known
        > variant for the phrase 'ta onomata twn uiwn israhl twn' in Exod 1:1
        > exists" is viable?
        >
        > I consider an answer to the effect "LXX studies is not at such a
        point yet
        > that such sweeping statements can be made" a valid and acceptable
        one,
        > btw. It may not be what I, or others, would like to hear, but it
        could
        > aid those of us dealing with LXX texts and their corresponding
        Gottingen
        > editions in developing sound approaches.
        >
        > Thanks, James
        >
        > On Thu, 26 Feb 2004, James Miller wrote:
        >
        > > Thanks for your input, Bob. Let's assume for the moment that I'm
        wrong
        > > about the variant: it's a misspelling that looks like another
        word and I
        > > mistakenly thought it was a real variant. The question still
        remains
        > > about what sort of general conclusions should be drawn from the
        Gottingen
        > > apparatus. Should it be presumed that, where the apparatus
        offers no
        > > variants, all manuscript evidence consulted reads the same as the
        critical
        > > text (or differs only in insignificant ways)? The apparatus is
        obviously
        > > meant to aid the manuscript researcher in getting a grasp on the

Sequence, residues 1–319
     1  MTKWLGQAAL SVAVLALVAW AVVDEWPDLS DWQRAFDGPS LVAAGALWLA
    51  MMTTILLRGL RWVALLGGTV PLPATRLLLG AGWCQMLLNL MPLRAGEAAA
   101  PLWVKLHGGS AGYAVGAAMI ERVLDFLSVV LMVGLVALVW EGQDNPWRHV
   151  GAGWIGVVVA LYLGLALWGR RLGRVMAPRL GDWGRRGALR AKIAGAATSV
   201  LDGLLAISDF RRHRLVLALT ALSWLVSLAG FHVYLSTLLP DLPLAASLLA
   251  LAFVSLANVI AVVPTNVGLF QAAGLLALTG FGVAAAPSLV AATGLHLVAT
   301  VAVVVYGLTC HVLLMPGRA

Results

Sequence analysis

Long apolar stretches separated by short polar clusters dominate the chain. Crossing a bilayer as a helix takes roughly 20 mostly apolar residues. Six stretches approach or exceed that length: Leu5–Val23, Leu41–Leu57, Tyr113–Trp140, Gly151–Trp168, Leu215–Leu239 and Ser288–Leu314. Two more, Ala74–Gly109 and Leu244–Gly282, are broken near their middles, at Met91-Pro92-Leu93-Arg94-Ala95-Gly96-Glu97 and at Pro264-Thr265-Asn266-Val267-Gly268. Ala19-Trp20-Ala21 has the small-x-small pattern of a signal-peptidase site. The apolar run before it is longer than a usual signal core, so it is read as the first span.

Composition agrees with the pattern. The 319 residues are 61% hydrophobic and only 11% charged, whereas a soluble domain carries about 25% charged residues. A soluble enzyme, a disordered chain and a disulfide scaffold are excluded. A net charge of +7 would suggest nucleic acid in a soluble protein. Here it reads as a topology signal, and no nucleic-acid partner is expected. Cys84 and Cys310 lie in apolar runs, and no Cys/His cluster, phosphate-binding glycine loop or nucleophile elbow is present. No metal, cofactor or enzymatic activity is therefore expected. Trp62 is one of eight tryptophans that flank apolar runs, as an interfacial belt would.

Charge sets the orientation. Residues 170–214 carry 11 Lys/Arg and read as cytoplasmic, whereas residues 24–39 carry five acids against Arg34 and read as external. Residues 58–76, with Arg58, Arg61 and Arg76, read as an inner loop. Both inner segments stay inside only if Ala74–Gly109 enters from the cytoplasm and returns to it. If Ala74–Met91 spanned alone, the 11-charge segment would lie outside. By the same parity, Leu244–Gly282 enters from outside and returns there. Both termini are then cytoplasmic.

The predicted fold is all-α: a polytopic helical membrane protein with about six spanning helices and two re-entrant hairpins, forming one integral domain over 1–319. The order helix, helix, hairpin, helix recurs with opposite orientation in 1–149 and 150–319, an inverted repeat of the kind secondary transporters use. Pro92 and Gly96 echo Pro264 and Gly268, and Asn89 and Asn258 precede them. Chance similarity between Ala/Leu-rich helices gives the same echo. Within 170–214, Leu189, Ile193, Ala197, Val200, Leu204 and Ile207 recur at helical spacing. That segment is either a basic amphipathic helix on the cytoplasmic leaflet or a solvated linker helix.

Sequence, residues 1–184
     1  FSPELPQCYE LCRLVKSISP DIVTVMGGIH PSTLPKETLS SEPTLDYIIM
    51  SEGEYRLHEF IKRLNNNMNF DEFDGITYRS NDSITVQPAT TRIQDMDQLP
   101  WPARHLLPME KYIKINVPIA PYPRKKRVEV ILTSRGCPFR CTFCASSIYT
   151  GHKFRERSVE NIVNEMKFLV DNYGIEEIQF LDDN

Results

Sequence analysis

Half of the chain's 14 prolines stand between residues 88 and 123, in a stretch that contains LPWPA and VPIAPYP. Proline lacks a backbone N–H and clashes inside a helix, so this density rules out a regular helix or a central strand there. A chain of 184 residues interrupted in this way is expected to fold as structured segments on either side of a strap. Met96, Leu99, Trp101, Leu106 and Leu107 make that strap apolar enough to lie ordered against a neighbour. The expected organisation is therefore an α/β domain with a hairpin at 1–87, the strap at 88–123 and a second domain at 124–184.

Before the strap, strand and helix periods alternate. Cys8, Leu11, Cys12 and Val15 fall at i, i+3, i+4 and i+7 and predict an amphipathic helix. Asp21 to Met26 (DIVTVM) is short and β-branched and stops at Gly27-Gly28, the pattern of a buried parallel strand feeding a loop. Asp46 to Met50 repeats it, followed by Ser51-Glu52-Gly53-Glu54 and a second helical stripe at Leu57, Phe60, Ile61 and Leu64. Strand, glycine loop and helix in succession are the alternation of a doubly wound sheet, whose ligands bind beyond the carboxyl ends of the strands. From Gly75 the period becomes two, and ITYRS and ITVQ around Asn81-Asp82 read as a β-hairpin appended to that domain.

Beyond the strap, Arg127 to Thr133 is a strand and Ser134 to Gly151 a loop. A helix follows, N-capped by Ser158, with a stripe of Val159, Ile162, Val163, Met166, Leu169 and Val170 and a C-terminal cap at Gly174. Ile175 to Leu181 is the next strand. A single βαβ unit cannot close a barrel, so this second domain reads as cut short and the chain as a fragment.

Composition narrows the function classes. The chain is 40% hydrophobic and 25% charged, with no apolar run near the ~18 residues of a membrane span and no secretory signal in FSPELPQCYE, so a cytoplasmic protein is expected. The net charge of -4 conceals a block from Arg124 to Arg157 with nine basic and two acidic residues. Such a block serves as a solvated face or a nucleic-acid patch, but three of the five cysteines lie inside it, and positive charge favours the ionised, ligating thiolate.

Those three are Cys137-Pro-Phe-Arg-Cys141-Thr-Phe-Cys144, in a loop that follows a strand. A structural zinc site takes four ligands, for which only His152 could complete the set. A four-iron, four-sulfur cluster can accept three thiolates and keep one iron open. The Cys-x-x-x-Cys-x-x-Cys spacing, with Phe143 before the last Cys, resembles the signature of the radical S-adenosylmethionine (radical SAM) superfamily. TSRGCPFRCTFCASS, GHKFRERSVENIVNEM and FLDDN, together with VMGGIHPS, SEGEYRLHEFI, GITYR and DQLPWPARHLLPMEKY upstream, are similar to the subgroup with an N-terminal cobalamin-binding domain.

range of
        > > evidence available - to provide positive evidence - but does it
        serve the
        > > related function of excluding other possibilities, i.e., providing
        > > negative evidence (no cited variant = no significant variation in
        known
        > > evidence)? I hope this makes sense. Do LXX researchers use the
        apparatus
        > > in this way, i.e., to conclude that no noteworthy variation
        occurs at a
        > > certain place based on absence of a variant citation in the
        Gottingen
        > > apparatus?
        > >
        > > Thanks, James
        > >
        > > PS I may post more later on the variant I brought up initially
        and ask for
        > > further clarification on it.
        > >
        > > On Wed, 25 Feb 2004, Robert Kraft wrote:
        > >
        > > > Not enough detail to evaluate the situation. "Normal"
        orthographic
        > > > variations (itacisms and the like) usually are not noted, nor
        are
        > > > abbreviations. Sinaiticus especially is notorious for writing -
        ai where we
        > > > expect -e, and sometimes vice versa, but this would not
        normally be noted
        > > > if it is an "obvious" scribal tendency.
        > > >
        > > > More significant variations, excepting "obvious"
        scribal "nonsense"
        > > > errors, should be included in the apparatus, or at least